The Master's Seminary Journal 19:2 (Fall 2008): 285-87
Review: An Exposition on Prayer in the Bible (5 Vols.)
By Gregory H. Harris, Professor of Bible Exposition.
James E. Rosscup. An Exposition on Prayer: Igniting the Fuel to Flame Our Communication with God. Bellingham, Wash.: Logos Research Systems, 2008. $199.95.
Dr. James Rosscup, the original professor of Bible exposition at The Master’s Seminary, has released a voluminous work on prayer as a Libronix (Logos) Bible Software addition. In his introduction the author humbly writes in the opening line, “The writings before the reader are a result of countless hours in the Scriptures since around 1992. And these were outgrowths from former years of meditations in studies and special devotional times.” Virtually anyone (included this reviewer) who has had the privilege of sitting under Dr. Rosscup as a student could have written those opening sentences and more, because they so encapsulate his life and are so evident to those who know him, both colleagues and students. He is a man of God who prays. (Can there be a man of God who does not pray?) Jim Rosscup is a gifted and meticulous scholar with decades of teaching experience; but even beyond this, he is a child of God who never got over the fact that God saved him and who exalts God and His Word both in the classroom and in his life. So in essence this study on prayer is a lifetime work in the making of one who has walked with God and truly learned from the Master. The Christian walk of this reviewer changed forever when he had him as a professor, when he began seminary studies twenty-five years ago.
With no lack of books on prayer, why should there be another one? An Exposition of Prayer differs from other prayer works in substantial ways. In addition to the important attributes of the author listed above (without which the work would not be nearly as good), two things among others set this work apart.First is the breadth of the work. Rosscup’s original intent was to cover every prayer in the Bible, but he notes that only 61 of the 66 biblical books contain prayers. In addition, Psalms was vastly too big to include with the present work. He instead “deliberately chose to write expositions for 21 key, or representative, psalms.” Perhaps the body of Christ will be the beneficiary of further work along the same lines in a second Rosscup volume on prayers in the psalms. In keeping with the current format, it would be a rich and valuable tool to have.
The second distinctive in this prayer work is that it begins with a brief study of each individual book of the Bible, and proceeds to individual prayers in each. In other words, Rosscup studies the Bible books, establishes the setting, audience, and especially the context, and then examines the prayers. Such is vital in a solid, biblical understanding of prayer or any other biblical subject. Many godly individuals who have written on prayer have removed individual verses on prayer and built books and doctrines on them while completely oblivious to whether they are in an OT or NT setting, are in a group or individual, are to the obedient or disobedient. Some take biblical prayers and make straight application to themselves, whether relevant or not. For example, Daniel’s prayer in Daniel 9 has nothing to do with building a church educational building or a new sanctuary. The context deals with Jerusalem, the destruction of God’s temple, and the promised return that Daniel was reading in Jeremiah’s prophecy, which concerned the number of years the nation would be in Babylonian exile. In An Exposition of Prayer, starting with the book of the Bible (such as Daniel) and leading up to the prayers it contains makes the prayers more understandable because they are viewed in light of their context. This is true throughout the entire work.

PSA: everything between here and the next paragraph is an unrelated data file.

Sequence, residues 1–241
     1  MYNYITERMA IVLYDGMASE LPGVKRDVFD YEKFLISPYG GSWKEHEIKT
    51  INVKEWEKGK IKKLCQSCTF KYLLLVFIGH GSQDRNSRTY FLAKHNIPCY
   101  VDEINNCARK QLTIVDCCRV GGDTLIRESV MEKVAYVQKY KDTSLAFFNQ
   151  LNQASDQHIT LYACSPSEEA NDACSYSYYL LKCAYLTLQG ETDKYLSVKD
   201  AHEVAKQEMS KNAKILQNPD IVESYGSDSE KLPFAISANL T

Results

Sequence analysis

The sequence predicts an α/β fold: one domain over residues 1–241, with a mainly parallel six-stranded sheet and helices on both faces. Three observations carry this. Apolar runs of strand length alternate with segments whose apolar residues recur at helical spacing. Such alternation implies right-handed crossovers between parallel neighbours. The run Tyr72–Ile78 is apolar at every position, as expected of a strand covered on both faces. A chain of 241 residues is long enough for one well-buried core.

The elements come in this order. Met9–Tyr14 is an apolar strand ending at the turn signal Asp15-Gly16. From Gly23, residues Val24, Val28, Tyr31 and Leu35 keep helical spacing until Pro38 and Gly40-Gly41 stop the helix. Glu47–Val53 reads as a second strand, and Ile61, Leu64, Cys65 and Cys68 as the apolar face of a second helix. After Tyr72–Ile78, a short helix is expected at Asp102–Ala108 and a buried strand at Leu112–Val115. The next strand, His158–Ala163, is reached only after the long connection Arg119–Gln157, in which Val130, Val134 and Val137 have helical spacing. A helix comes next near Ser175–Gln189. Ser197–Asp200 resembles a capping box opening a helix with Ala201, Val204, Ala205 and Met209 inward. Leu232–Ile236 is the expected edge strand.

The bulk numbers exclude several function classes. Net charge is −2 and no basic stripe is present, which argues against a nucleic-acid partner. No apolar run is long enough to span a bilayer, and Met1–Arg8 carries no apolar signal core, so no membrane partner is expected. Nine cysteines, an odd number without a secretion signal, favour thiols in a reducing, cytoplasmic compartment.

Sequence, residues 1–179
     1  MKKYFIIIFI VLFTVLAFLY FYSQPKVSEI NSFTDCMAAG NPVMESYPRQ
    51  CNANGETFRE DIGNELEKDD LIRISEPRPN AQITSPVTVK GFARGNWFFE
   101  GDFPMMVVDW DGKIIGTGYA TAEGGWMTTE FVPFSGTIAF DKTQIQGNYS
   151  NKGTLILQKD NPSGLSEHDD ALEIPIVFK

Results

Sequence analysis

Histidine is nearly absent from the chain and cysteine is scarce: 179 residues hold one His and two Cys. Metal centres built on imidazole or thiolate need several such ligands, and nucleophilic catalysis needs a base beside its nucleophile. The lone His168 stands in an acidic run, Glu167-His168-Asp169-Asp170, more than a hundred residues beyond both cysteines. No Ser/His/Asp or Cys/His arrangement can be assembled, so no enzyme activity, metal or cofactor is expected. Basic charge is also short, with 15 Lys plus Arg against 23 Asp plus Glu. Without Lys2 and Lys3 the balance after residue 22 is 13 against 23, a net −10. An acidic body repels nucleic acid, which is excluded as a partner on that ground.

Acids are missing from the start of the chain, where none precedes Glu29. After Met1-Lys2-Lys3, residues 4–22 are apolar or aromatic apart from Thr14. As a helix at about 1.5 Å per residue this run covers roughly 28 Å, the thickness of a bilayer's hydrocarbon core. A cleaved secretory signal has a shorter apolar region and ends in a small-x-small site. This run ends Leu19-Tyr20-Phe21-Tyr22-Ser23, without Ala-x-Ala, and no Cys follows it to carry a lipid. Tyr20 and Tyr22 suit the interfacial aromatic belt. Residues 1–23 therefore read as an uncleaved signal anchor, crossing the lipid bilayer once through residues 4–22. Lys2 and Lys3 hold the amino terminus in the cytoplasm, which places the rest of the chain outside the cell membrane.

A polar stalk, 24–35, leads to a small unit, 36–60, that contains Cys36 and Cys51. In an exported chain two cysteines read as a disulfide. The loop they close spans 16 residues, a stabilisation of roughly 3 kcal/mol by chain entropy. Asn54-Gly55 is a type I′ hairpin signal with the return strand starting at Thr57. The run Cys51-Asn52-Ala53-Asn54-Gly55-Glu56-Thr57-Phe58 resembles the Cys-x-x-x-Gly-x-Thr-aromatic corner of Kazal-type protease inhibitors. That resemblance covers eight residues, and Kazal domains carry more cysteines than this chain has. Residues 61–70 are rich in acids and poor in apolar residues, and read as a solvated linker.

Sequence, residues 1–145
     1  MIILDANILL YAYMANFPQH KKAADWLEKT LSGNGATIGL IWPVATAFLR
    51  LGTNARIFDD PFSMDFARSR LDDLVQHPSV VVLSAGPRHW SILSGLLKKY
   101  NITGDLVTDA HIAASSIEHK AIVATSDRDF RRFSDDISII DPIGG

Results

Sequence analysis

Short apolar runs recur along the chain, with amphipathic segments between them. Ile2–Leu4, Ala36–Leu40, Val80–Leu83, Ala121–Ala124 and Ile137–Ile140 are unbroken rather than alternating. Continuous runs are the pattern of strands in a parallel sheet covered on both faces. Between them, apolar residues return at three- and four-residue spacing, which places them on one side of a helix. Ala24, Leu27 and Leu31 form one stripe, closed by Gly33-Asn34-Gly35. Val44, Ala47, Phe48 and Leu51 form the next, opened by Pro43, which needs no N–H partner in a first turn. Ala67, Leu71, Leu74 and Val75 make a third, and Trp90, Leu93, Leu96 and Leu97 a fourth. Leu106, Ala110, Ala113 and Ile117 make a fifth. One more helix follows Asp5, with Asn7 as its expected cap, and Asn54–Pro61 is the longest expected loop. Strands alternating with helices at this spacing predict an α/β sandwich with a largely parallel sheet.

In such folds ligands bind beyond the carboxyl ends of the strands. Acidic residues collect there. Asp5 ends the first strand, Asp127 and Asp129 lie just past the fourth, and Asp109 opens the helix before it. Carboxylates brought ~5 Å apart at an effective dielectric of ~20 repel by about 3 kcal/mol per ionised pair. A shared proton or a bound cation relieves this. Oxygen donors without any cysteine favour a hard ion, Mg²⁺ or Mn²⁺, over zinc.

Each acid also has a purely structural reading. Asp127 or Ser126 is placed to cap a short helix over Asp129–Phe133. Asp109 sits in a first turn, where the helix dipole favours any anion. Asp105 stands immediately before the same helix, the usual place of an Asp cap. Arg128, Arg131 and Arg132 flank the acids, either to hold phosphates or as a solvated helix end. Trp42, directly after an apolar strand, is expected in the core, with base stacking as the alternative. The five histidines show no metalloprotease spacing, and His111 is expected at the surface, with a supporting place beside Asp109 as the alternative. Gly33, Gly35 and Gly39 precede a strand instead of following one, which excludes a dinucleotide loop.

Others who are familiar with the Libronix system have noted that this work is a perfect match for the Libronix format. An Exposition on Prayer contains literally thousands of biblical cross-references that one can locate by moving the cursor and going directly to the corresponding Scriptures. Just a quick “heads up” for those who will be doing this: it is such a rich study by itself, even without checking every Bible verse noted; so plan to “be there a long time,” and I mean that in the best sense of the words. Though this work is easily usable even when one is hurried, it contains so much valuable and worship-evoking—and at times convicting—information, that the reader will most likely want to come back and study the passage in more detail.
An individual, a pastor, or a group may use An Exposition on Prayer in many ways. With the Libonix Bible Software, once this component is installed, any verse on prayer that one comes across will bring up a link to Rosscup’s book. Second, “the fine wine study” would take a person slowly through a particular book of the Bible—perhaps in a month or two—reading the prayers and related commentary with them. Sometimes Bible software makes it hard to tell what page one is on; many times, the chapter and verse divisions mark the pages instead of a page number. But one could study, for instance, Genesis, as an individual or in a group, and then carefully study each prayer that is there. As mentioned, working through the material from start to finish would take a while, but the trip would be delightful trip. Third, another means of using this work is studying a particular book of the Bible without focusing on the prayers in it (or perhaps even noticing that prayers are there). Once a prayer is noticed, almost a reflexive action will be to see what Dr. Rosscup wrote about that prayer in An Exposition on Prayer. Truly, if studied by one seeking a closer walk with the Lord and desiring to know more about this often mysterious component of the Christian walk, the work will hopefully ignite “the Fuel to Flame Our Communication with God.”
© 2008 Used by permission.